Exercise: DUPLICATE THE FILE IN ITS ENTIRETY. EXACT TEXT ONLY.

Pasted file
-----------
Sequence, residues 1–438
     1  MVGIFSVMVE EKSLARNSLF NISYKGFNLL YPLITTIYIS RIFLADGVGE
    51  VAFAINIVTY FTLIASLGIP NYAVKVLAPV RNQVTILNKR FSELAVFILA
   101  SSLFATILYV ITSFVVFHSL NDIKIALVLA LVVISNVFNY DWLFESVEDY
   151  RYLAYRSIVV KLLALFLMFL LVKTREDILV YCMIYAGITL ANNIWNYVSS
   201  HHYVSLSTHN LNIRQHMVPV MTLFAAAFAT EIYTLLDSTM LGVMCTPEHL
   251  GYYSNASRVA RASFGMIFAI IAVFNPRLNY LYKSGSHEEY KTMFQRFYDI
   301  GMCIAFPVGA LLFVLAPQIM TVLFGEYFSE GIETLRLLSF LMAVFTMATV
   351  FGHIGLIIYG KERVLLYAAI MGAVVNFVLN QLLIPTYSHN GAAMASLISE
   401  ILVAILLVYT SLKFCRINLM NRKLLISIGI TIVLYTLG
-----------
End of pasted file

Sequence, residues 1–438
     1  MVGIFSVMVE EKSLARNSLF NISYKGFNLL YPLITTIYIS RIFLADGVGE
    51  VAFAINIVTY FTLIASLGIP NYAVKVLAPV RNQVTILNKR FSELAVFILA
   101  SSLFATILYV ITSFVVFHSL NDIKIALVLA LVVISNVFNY DWLFESVEDY
   151  RYLAYRSIVV KLLALFLMFL LVKTREDILV YCMIYAGITL ANNIWNYVSS
   201  HHYVSLSTHN LNIRQHMVPV MTLFAAAFAT EIYTLLDSTM LGVMCTPEHL
   251  GYYSNASRVA RASFGMIFAI IAVFNPRLNY LYKSGSHEEY KTMFQRFYDI
   301  GMCIAFPVGA LLFVLAPQIM TVLFGEYFSE GIETLRLLSF LMAVFTMATV
   351  FGHIGLIIYG KERVLLYAAI MGAVVNFVLN QLLIPTYSHN GAAMASLISE
   401  ILVAILLVYT SLKFCRINLM NRKLLISIGI TIVLYTLG